By examining how the intersection of these technologies is currently being leveraged by designers for bespoke solutions, I categorized custom products into three groups: industrial parts, repetitive use tools, and decorative objects. After interviewing three people in the industry who are doing animal prosthetics, human prosthetics, and custom fit earphones, I found the growing opportunities and attributes that make the design of customized repetitive use products a strong candidate for the adoption of the three technologies. Repetitive use tools could then be classified into three categories: wearable, hand-manipulated, and body-interactive.
5. Next Step
Although the three technologies provide growth opportunities in product design, there are also challenges in integrating and adapting these to an existing design workflow. I want to develop a method or framework for designing customized repetitive use tools and start a design project as an example to show the process.
5.1. Problem Space
For decades, mouse has been a key component of how people interact with computers. Most people spend a considerable amount of time with a mouse in their hands. Heavy use of a mouse can result in a repetitive strain injury to the wrist/s. The target people will be pc gamers who have a relatively larger chance to hurt their wrist due to the heavy use of the mouse. Esports pro players are training in front of the computers 12–18 hours per day, and many of them retired because of wrist injuries. However, there is no bespoke mouse in the market. Even pro esports players use the mass-produced gaming mouses.
To further explore how gamers use their mouse, I created a gaming mouse survey and sent it out to different gaming communities. I received effective 108 responses: 56% percent of them play games almost every day, and 36% of them play games for more than 4 hours each time. More than one-third of them indicate that they have forearm and wrist pain (muscle fatigue) or numbness and tingling to fingers (carpal tunnel syndrome). These two problems are the common injuries of heavy mouse use.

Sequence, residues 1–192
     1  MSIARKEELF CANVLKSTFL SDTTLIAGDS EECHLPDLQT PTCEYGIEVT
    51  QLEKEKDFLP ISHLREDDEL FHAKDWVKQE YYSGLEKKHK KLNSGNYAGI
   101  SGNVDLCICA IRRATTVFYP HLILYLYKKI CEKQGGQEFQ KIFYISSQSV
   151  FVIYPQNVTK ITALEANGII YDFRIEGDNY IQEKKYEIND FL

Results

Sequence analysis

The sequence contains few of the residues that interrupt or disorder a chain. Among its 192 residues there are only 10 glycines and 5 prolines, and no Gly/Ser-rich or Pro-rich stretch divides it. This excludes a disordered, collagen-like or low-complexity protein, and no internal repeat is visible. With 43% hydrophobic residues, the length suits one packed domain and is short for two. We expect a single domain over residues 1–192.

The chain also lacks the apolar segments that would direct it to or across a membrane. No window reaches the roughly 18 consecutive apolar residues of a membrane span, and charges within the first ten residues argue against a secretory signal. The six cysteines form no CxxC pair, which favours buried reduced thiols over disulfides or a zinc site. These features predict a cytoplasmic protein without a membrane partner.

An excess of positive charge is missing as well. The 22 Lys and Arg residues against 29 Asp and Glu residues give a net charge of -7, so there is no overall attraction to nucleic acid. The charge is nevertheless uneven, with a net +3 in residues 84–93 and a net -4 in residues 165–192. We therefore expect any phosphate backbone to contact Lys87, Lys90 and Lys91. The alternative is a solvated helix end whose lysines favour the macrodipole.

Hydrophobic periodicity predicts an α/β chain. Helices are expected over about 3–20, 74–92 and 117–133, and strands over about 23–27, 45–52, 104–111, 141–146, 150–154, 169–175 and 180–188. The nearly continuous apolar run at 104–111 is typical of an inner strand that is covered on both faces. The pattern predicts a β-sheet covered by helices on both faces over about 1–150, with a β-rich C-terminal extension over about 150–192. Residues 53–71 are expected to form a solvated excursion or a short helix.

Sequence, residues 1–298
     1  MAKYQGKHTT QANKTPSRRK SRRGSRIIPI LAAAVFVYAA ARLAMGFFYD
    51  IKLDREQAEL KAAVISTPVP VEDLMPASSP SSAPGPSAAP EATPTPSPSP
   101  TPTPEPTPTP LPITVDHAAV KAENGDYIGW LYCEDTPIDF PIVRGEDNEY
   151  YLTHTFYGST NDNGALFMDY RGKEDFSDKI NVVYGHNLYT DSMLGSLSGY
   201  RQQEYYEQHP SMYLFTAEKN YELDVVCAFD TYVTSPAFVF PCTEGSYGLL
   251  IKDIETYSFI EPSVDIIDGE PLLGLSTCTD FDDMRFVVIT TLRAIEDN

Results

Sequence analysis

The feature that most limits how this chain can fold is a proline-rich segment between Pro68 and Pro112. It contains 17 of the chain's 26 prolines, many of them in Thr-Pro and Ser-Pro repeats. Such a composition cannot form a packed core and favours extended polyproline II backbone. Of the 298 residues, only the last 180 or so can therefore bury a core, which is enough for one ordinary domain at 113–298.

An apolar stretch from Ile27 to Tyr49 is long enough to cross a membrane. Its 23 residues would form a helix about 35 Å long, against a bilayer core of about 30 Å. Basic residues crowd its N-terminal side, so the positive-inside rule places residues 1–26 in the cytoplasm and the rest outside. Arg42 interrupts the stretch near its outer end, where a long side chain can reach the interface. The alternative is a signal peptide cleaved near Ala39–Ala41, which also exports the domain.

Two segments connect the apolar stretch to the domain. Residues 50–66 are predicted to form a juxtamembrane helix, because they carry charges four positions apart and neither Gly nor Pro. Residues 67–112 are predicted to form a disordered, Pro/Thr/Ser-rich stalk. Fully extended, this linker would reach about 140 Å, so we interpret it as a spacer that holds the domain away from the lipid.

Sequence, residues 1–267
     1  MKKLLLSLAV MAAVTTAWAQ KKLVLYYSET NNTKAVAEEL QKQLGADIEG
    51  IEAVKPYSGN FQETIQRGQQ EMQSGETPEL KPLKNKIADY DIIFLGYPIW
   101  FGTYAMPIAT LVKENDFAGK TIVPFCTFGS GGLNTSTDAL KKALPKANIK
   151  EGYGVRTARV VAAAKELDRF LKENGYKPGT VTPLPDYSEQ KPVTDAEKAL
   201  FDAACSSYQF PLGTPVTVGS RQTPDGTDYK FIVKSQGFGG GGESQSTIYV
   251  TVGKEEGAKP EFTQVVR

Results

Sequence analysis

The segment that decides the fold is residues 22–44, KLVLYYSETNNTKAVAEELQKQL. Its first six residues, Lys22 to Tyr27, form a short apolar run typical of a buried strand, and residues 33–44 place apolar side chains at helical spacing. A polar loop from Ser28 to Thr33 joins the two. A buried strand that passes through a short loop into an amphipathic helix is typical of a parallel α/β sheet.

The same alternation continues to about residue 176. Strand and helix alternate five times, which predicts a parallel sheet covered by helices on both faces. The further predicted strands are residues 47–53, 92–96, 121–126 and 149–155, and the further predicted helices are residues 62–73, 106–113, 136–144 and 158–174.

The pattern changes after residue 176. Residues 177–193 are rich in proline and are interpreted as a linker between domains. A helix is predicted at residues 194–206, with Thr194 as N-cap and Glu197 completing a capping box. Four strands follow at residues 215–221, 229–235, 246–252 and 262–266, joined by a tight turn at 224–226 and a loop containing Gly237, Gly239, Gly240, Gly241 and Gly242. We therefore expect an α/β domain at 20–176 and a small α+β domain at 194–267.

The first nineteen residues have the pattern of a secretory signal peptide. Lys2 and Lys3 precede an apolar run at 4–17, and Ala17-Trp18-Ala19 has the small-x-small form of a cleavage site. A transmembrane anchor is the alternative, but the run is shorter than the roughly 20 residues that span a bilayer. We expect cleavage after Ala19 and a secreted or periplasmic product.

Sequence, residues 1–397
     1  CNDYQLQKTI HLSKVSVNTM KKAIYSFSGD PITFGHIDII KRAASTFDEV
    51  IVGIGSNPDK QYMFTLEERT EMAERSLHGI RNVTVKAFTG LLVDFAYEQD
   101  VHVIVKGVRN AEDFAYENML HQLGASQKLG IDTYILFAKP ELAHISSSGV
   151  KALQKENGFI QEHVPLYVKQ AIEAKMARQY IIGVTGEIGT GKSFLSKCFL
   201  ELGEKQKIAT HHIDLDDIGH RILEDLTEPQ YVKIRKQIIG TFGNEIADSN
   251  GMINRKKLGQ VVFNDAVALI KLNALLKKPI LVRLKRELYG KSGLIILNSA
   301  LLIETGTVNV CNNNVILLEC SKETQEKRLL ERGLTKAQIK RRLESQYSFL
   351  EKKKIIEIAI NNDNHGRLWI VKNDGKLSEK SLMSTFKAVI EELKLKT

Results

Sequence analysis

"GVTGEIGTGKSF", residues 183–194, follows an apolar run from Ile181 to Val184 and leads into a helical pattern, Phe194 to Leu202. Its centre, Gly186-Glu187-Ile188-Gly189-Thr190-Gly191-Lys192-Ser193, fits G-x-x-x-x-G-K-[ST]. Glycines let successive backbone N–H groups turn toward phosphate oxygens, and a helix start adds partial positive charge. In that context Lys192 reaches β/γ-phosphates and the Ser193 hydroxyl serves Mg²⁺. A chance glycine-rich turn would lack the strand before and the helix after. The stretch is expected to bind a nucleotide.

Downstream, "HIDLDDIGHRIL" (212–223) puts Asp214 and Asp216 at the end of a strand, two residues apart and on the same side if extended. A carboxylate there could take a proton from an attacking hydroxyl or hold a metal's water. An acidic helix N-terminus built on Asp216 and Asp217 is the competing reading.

Too much compression to the carpal tunnel area combined with a lot of repetitive motions can lead to carpal tunnel syndrome, and it can be permanent damage if left untreated. For muscle fatigue, if the mouse user holds the hand in an extended position and keeps the same position for a long time, the activated muscles in the forearm will get tiring and even painful.
For the design project, I would like to design a custom-fit mouse with bespoke wrist protection to prevent or relieve carpal tunnel syndrome and forearm muscle fatigue.
When it comes to choosing the right gaming mouse, people usually consider the shape, size, weight, and other attributes of the mouse, but one of the most important factors to be considered is the grip type. There are three main grip types that have been identified: palm grip, claw grip, and fingertip grip. There has not been one mouse that could satisfy all the needs, so the difference among the three grip types is crucial to make any designs. From the survey, 28% of people use the palm grip, 54.2% of people use the claw grip, and 15.9% of them use the fingertip grip.